Last Sunday (August 30, 2015) an article about the new cholesterol-lowering drugs appeared in the New York Times (NYT).
The article can be read here:
The article focused on the side effects of statin drugs and it questioned if doctors will prescribe the new drugs even though they are very expensive. After reading it in the NYT, my friend and colleague, Dr. Ira Goodman, called me and suggested we write a letter to the editor. Of course, the NYT did not accept our letter, but I thought it would make an interesting blog post.
To Editor at the New York Times
Re: New Drugs Add to A Quandary on Cholesterol
Your article about the new cholesterol-lowering medications focused on the side effects of this class of medications. However, you missed the most important part of these medications—do they really work? In other words, do they significantly reduce the incidence and mortality of strokes and heart attacks? The answer is a resounding “No” in approximately 99% of the patients treated. This important fact is usually withheld from patients when they are given these drugs because both the prescribing physician and the unsuspecting patient are unaware of the true statistics related to the studies of cholesterol-lowering medications.
You mention the JUPITER trial and the increased risk of diabetes. However, before talking about undesired effects of a drug, it is incumbent upon a practitioner to assess efficacy. If the efficacy is not there, then who cares what the side effects are- the drug should not be used. Efficacy trumps safety every time. No efficacy, no drug. Period. This is called informed consent which the American public does not have in most cases when these drugs are used.
Imagine a roulette wheel with 99 black slots and 1 red one. The manufacturers of cholesterol lowering drugs have managed to convince about 29% of the American public and nearly 100% of physicians that you should bet on red!! Yes these drugs will lower your cholesterol very effectively but what you are missing is that lowering cholesterol does not result in lower clinical events like heart attacks or stroke in the vast majority. Check the studies—the data is there.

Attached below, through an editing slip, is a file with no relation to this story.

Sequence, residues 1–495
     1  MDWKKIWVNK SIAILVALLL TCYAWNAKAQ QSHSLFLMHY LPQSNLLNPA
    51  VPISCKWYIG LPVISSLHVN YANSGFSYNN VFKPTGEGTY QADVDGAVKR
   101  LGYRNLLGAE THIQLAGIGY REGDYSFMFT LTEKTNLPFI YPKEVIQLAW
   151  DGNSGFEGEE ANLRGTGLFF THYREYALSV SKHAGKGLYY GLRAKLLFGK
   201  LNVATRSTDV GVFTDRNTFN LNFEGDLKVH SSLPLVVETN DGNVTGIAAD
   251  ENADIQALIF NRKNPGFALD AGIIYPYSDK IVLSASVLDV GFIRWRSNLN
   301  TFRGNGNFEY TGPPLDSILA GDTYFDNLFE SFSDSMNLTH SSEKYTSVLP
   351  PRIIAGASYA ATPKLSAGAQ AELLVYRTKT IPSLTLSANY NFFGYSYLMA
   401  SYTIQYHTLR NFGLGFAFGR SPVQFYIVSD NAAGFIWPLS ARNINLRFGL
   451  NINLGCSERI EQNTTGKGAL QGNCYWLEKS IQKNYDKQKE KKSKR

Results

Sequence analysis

In JUPITER (which was mentioned in the NYT article), 0.35% of those treated with rosuvastatin (Crestor®) suffered a heart attack compared to 0.76% in the control group. That means the absolute difference in heart attacks in those that took the rosuvastatin was 0.41%. In other words, 244 subjects would need to take rosuvastatin for 1.9 years (the length of the JUPITER study) to prevent one heart attack. In fact, 99 percent (243 out of 244) of those that took rosuvastatin received no benefit in lowering their risk of having a heart attack.
For primary prevention, preventing a first cardiac episode, the best of the cholesterol studies has shown approximately a 1% mortality benefit in taking a cholesterol lowering medication. That means that these drugs fail nearly 99% who take them. For secondary prevention—trying to prevent a second cardiac event—the numbers are not much better as the best studies show approximately a 3.5 percent reduction in mortality. Therefore, using statins for secondary prevention fail 96.5 percent who take them.
The best metric for measuring the effectiveness of a drug is the NNT or the number of patients needed to be treated with the drug to prevent 1 clinically significant endpoint. In the case of statins and presumably in the case of the new class of drug to lower cholesterol the NNT for primary prevention is between 100-500!! I would not want to take an expensive dangerous drug that is likely to increase my incidence of diabetes (which in and of itself increased heart attacks), heart failure, dementia, muscle aches, fatigue, and oxidative stress as a result of lower vitamin D and coenzyme Q10. For what? To lower my chances of an MI or stroke by less than 1%? I would rather take up jogging and eat better. I would rather bet on black.
The statin drugs have been a disaster as they don’t work in the majority of people who take them. Now, we want to spend over $14,000 per year in a new class of cholesterol-lowering drugs?
We must be out of our minds.
David Brownstein, M.D.
Ira Goodman, M.D.
Read the full article here .
One of the best documentaries exposing the statin scam and interviewing doctors in the industry who have exposed it, was published in 2013 on ABC in Australia. The medical authorities were not successful in preventing it from being aired on TV, but they have removed almost all copies from YouTube now, and forced ABC to remove them from their website.
Take some time to watch these important documentaries produced by medical doctors on the statin drug scam, and be informed!
HEART OF THE MATTER Part 1: The Cholesterol Myth: Dietary Villains
HEART OF THE MATTER Part 2: The Cholesterol Drug War